Fran Garrison's all in a tizzy because her prize Dachshund, Danke, is having pups, and she has hopes of one of the pups becoming a champion. But at the vet's, her husband Mark is talked ... See full summary »
Frederick Bolton has to solve two problems. First, his boss has instructed him to come up with a reasonable campaign to promote a new product, a stomach pill named "Aspercel" - by tomorrow.... See full summary »
Lem Siddons is part of a traveling band who has a dream of becoming a lawyer. Deciding to settle down, he finds a job as a stockboy in the general store of a small town. Trying to fit in, ... See full summary »
Ken McLaughlin struggles to please his family in any way. He comes back from boarding school boasting poor grades and facing going through the fifth grade again, much to his fathers dismay.... See full summary »
Harold D. Schuster
When Emil travels by bus to Berlin to visit his grandmother and his cousin, his money is stolen by a crook who specializes in digging tunnels. Emil must get the money back as it is for his ... See full summary »
Henry Dussard, a young American, inherits a picturesque but badly neglected olive farm in southern France and is determined to make it operational again despite cautionary advice from the ... See full summary »
Andrew V. McLaglen
Young English girl Nikky and her aunt arrive at the Moon-Spinners, a hotel on Crete, to a less than enthusiastic welcome. The coolness of the owner is only out-done by the surliness of her ... See full summary »
While traveling with his father, young Alec becomes fascinated by a mysterious Arabian stallion who is brought on board and stabled in the ship he is sailing on. When it tragically sinks ... See full summary »
In WWII Austria, Col. Alois Podhajsky must protect his beloved Lipizzaner stallions and make sure that they are surrendered into the right hands. But Patton's something of a horse fancier and can help...if he sees the stallions perform. Written by
George S. Patton spent a lifetime with horses. He played polo, fox-hunted, and competed in mounted steeplechases. He was a participant in the first modern pentathlon at the 1912 Olympics in Stockholm, Sweden, placing sixth out of 23 in the equestrian phase. See more »
Great Disney film about the White Stallion's of Vienna
Despite a rather slow start, this film is absolutely classic Disney and well worth the time spent. Everyone should know the story of the Lipizzaner stallions and Col. Podhajsky, the man who risked everything to save them. The stallion's flight from Vienna at the tail end of WWII, and the fact that General Patton and the 3rd Army were heavily involved in their rescue, is exciting stuff and has achieved almost legendary proportions. It's to the film's credit that the viewer eventually gets wrapped up in the Colonel's crusade, and begins to feel a sense of wonder as random chance and pure luck conspire to save the Lipizzaner breed.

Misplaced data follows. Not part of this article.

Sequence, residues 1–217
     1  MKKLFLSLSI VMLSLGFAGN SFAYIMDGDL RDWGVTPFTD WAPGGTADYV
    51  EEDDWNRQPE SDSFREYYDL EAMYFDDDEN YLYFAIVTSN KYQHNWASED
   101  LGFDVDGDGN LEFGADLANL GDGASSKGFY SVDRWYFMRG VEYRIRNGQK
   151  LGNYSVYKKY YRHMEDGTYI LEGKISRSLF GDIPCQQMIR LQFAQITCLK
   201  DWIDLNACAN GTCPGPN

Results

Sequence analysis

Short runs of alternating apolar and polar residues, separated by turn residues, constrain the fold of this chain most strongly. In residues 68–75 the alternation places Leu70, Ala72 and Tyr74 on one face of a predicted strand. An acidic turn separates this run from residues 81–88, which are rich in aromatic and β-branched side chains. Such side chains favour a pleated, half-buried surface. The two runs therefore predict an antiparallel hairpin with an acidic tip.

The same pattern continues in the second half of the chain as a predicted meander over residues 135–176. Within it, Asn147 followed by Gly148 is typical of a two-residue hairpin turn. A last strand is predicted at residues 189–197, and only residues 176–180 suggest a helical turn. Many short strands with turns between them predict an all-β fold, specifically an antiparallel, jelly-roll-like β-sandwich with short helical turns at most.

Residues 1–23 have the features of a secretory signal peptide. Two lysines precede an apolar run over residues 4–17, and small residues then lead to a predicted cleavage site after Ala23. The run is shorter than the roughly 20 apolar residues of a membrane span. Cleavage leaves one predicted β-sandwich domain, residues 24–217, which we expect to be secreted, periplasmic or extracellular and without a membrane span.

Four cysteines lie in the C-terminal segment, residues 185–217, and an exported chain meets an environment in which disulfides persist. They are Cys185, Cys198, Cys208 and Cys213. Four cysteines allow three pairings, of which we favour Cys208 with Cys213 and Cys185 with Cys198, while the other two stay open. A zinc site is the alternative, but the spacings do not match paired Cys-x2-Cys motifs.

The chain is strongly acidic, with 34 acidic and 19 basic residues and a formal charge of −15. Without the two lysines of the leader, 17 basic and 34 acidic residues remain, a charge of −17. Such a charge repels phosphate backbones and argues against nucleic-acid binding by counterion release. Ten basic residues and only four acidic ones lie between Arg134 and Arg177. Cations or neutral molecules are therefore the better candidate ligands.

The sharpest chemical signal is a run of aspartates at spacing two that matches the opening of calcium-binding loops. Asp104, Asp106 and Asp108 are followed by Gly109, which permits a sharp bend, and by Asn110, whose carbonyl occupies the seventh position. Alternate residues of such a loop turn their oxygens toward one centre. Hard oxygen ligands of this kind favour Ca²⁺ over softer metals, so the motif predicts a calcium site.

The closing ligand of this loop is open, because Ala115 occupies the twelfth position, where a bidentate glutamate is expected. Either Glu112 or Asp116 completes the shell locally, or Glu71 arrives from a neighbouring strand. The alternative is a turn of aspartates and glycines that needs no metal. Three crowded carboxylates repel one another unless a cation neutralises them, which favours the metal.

I would not have put Robert Taylor in the lead role of Col. Podhajsky, though. As he grew older he got stone-like in his acting, and this is one of his more granite-faced performances. Luckily for us they also cast Curt Jurgens, who plays a good Nazi for once. He is the standout in this production (human standout, that is; the horses are the real stars). He gives a bravura performance as a German General caught up in the atrocities of war with no idea how he could have ever gone along with the Nazis as long as he has. His eyes seem to bleed pain, and he gives the film a welcome dose of humanity as well as the viewpoint of a person who normally follows orders but who has had enough of doing what he doesn't believe in. Lilli Palmer plays the Colonel's wife, and she is more than adequate to the role.
Eddie Albert is used mostly for comic relief as a horse trainer, even singing a Richard M. and Robert B. Sherman song for us; fortunately he's good no matter what he does. And, an extremely young James Franciscus is an Army Major who plays a big role in interesting Patton in the horses, and also in liberating the mares and foals from a Russian onslaught in Czechoslovakia (and also a huge lot of American GI's being held prisoner in the same place); his 1000-watt smile is a welcome addition.
Bottom line, this is a wonderful film for the entire family, if you can get the kids to sit still through the slow beginning; the older they are the easier it will be. It's a film about a little-publicized event in WWII, and shows how the two sides worked side-by-side to save a treasured piece of Viennese history. The horses are gorgeous, and we don't see near enough of them, which is the only real detriment to this fine film about the marvelous White Stallions of Vienna and the Spanish Riding School.
24 of 25 people found this review helpful.
Was this review helpful to you?